General Motors stated on Tuesday it had started producing ventilators in the volume required to treat severely ill coronavirus patients and would make deliveries of the first batch of the medical equipment to the U.S. government this month.
The U.S. Department of Health and Human Services (HHS) has awarded nine contracts amounting to almost $2.6 billion to produce 137,000 ventilators by the end of 2020 for the U.S. Strategic National Stockpile, consisting of a contract to the automaker worth $489.4 million for 30,000 ventilators by the end of August after President Donald Trump invoked the Defense Production Act.
Other contracts declared by HHS in recent days include a $646.7 million contract to Philips and others to General Electric, Hill-Rom Holdings, Medtronic Plc , ResMed Inc, Vyaire Medical, Hamilton Medical and Zoll Medical.
Hamilton is getting a $552 million contract for 14,115 ventilators, where as Vyaire is receiving a $407.9 million contract for 22,000 ventilators produced by June 29 and Zoll is receiving a $350.1 million contract for 18,900 ventilators, HHS stated on Monday.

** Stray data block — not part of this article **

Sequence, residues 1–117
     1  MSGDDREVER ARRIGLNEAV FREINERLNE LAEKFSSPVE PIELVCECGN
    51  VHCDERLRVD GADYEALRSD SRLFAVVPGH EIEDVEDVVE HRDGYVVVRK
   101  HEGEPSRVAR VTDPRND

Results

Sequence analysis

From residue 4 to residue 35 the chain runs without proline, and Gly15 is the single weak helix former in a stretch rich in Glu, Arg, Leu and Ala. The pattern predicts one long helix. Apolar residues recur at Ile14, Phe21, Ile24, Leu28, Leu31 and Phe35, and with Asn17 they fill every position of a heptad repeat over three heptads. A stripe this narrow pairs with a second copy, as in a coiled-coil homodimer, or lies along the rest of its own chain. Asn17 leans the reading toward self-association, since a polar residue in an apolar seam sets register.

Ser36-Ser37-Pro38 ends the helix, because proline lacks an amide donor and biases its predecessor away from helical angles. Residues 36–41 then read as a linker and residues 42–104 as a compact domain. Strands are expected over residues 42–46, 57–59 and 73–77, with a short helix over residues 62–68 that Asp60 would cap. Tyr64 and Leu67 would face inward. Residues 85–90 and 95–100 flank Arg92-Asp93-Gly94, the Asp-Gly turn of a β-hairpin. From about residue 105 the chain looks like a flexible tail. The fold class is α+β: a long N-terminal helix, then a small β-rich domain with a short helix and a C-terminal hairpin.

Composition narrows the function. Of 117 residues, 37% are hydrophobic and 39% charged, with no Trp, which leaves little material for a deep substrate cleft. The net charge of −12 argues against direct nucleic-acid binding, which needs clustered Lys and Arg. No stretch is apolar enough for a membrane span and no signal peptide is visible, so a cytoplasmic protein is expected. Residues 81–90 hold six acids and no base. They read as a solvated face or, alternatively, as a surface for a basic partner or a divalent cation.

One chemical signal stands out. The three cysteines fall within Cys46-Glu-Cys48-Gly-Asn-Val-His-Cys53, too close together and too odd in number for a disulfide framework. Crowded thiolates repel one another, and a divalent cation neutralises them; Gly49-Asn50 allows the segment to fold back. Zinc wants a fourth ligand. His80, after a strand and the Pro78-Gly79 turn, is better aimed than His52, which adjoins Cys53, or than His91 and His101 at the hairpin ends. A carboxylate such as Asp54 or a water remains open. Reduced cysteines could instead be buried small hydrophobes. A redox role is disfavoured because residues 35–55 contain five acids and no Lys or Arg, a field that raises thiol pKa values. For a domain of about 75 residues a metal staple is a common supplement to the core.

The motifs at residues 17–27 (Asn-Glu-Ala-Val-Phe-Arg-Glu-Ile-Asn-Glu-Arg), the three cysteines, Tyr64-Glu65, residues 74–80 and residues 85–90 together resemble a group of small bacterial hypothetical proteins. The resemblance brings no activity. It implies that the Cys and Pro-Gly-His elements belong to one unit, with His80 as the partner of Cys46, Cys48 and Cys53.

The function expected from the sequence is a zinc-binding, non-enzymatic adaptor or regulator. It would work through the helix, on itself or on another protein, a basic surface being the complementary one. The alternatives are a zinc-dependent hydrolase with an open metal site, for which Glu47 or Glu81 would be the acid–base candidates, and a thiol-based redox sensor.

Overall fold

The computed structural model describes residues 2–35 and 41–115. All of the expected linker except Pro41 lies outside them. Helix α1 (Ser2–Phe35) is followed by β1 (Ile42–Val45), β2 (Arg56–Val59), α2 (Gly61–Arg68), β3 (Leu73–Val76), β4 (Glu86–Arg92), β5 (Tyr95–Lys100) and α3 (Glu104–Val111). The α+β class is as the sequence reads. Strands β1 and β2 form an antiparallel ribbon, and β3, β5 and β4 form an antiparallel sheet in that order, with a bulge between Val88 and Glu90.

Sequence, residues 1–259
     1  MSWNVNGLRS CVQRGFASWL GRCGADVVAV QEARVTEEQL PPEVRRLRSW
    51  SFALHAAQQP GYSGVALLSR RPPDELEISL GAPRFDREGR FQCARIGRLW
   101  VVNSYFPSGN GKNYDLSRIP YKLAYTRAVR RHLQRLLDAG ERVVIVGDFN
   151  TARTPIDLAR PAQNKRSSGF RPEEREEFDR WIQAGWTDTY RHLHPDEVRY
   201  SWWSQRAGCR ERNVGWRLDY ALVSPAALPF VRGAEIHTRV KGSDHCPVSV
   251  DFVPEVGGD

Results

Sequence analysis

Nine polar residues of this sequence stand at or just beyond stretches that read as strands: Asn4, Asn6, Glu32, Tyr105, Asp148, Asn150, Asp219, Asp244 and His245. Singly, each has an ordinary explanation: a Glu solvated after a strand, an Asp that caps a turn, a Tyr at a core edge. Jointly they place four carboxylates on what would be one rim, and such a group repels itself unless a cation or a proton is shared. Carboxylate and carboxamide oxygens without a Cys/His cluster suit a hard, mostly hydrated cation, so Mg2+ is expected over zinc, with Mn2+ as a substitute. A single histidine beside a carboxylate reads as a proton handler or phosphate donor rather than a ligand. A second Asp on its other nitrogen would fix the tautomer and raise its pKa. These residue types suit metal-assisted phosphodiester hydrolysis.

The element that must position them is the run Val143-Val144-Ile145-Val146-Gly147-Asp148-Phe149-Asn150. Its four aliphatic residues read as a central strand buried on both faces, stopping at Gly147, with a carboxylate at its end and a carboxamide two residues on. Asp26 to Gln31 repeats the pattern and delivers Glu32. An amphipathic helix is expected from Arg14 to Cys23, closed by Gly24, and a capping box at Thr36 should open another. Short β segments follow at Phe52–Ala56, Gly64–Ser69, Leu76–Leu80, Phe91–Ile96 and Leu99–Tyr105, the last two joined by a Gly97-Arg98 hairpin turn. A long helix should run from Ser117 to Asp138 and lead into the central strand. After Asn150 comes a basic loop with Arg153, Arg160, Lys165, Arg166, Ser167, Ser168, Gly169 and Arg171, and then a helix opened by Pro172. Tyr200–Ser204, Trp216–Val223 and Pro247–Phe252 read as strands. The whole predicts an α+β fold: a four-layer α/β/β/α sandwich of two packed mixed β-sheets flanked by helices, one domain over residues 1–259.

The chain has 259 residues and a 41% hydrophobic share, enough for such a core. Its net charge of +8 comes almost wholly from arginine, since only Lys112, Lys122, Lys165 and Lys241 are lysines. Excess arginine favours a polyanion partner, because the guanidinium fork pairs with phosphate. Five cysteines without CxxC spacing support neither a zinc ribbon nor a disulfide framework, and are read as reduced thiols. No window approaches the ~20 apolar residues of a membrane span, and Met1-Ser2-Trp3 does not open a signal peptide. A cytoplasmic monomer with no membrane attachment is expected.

HHS Secretary Alex Azar stated that the contracts will indicate that “we have more capacity to respond to the pandemic as it evolves”.
GM, which is collaborating with ventilator firm Ventec Life Systems to produce the medical equipment, stated it would deliver over 600 ventilators in April.
It added that it expected to fill almost half the order by the end of June and the full order by the end of August. The ventilators will be produced at a plant located in Kokomo, Indiana.
White House adviser Peter Navarro stated as these lifesaving ventilators roll off the automaker’s assembly line as fast as tanks once did in World War II, they are going to be rapidly deployed.
The automaker’s shares closed flat. The stock has dropped over 37% this year, as coronavirus has led decline in automobile sales.
About 644,188 people in the US have been confirmed as being infected with the coronavirus. The virus has killed 28,579 people in the country.